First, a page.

Chapter 13: Falling Water
All that moaning about being wet because of having to dip across sylvan ponds marooned in wild cathedrals of stone, gleaming in the afternoon sunlight, looked a bit silly now. We were on the third day of rain among the dark trees. The woods were soaked. We were soaked. Even the flowers were so soaked they decided to close up shop in protest. As if we would have seen them. Our ill-fitting ponchos and the miserable dripping rain gave us but tiny circle views of the ground before us. We marched on, or the woods marched on and we marched in place.
Then we gave up and just decided to be wet.
That didn't work.
Then we decided to have a huge fire under heavy trees to try and blast some dryness into us.
And that didn't work because we could not get any fire going.
Then we decided to get drunk.
But we only had this little tiny thing of whiskey Oliver brought, and it barely affected either of us. Well, maybe a little more than we thought.
And then we really gave up.
We climbed into my roomy tent with whatever semi-dry things we had, and we waited it out. We spent one and a half days in there, eating gorp, reading, endlessly fussing to maintain our last, slowly disappearing vestiges of dryness, and talking.
Early on, at something of a low point, I reasonably ventured:
“This is fine. I mean it kind of sucks right now, cold and wet in the woods, and I haven't forgotten that there are great parts to this trip so far. It's just,” I lowered my voice. It had been much on my mind but this was the first time I'd say it out loud for me to hear. “I don't see doing this for 2,500 more miles. It's way too much. I don't see the point to that anymore. I don't really think I can do it.”
“Yes.” Oliver said with a touch of uncharacteristic gentleness. “I can see that. That would have been a very worthwhile consideration before you began.” He paused, then gravely added “But it's too late now.”
The change in his tone made it possible for me to take it seriously for once. “Why?” I asked, irritated.
“You caught a star from heaven.” He raised his eyebrows. “The gods are throwing bloody shite at you.”
After a moment, I caught on. “What, the meteorite? I didn't catch it. It fell dozens of feet away from me. I went and picked it...” I waved my hand wildly apart. “What does this have to do with anything, Oliver? Could you be serious for just a minute for once?”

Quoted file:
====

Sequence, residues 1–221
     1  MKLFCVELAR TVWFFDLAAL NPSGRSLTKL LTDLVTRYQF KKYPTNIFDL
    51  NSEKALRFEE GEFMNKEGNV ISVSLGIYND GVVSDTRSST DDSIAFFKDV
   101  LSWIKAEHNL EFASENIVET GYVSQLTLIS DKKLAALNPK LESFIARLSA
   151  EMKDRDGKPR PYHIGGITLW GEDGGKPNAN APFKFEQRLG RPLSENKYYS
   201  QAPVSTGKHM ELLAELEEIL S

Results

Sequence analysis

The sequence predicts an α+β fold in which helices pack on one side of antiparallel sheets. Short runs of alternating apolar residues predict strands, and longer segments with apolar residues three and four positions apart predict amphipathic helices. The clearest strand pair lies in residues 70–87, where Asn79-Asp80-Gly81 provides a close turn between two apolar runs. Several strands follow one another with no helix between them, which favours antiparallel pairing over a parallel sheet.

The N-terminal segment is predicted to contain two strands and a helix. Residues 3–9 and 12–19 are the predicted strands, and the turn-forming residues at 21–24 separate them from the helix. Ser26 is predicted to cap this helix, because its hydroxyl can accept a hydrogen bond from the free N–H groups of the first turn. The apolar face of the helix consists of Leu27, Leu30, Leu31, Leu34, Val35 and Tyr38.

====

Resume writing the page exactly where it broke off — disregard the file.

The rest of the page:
“You caught a star from heaven.” He repeated without any of the mugging. “Let's see it. Take it out.”
I rolled my eyes. But I took it out.
“Throw it in the hottest part of the fire.” Oliver said.
“We don't have a fire.” I was more exasperated than amused.
“Here. Give it to me.”
I handed it over. Oliver examined it minutely. “I can just make out the lines of its text.” He muttered. “Ash nazg durbatuluk, ash nazg gimbatul...”
“One meteorite to rule them all, one meteorite to bind them.” I translated compulsively, mostly not amused.
“Ash nazg thrakatuluk, agh burzum-ishi krimpatul.” He added gravely.
“One ring to bring them all and in the darkness bind them.”
“Not far off, actually.” Oliver said with all the serious gravity he was capable of mustering, which was about 30%.
“Hmph.” I sighed. “I should've called you “Sam”.”
“It wouldn't have been far off Guv'nor.” He said, turning his English accent back up from a “two” to a “12”. “He was the real hero of Lord of the Rings. But Gandalf would work better probably, eh?, as a name for me, or maybe it should have been Dodger?, or Dubya R, hmm, or maybe Sancho, or, um, actually, you know what?”
“What?” I asked.
“Oliver is fine. It doesn't matter.”
Then he dropped his voice way down to where I could barely hear it. “Listen carefully cause I'll say it once. It wasn't supposed to fall from heaven. Someone got mad at you. It's worth the world in value. But you have to put it back.”
“What?” I asked, both from barely hearing and from having no idea what the hell he was talking about.
“Oh my God!” Oliver cried out in a normal-loud because of him- voice. “I just realized!”
“What?” I asked.
“I have a deck of cards!”
He dug them out and we played gin for the next seven hours.
I had questions, but I can assure you they were not answered.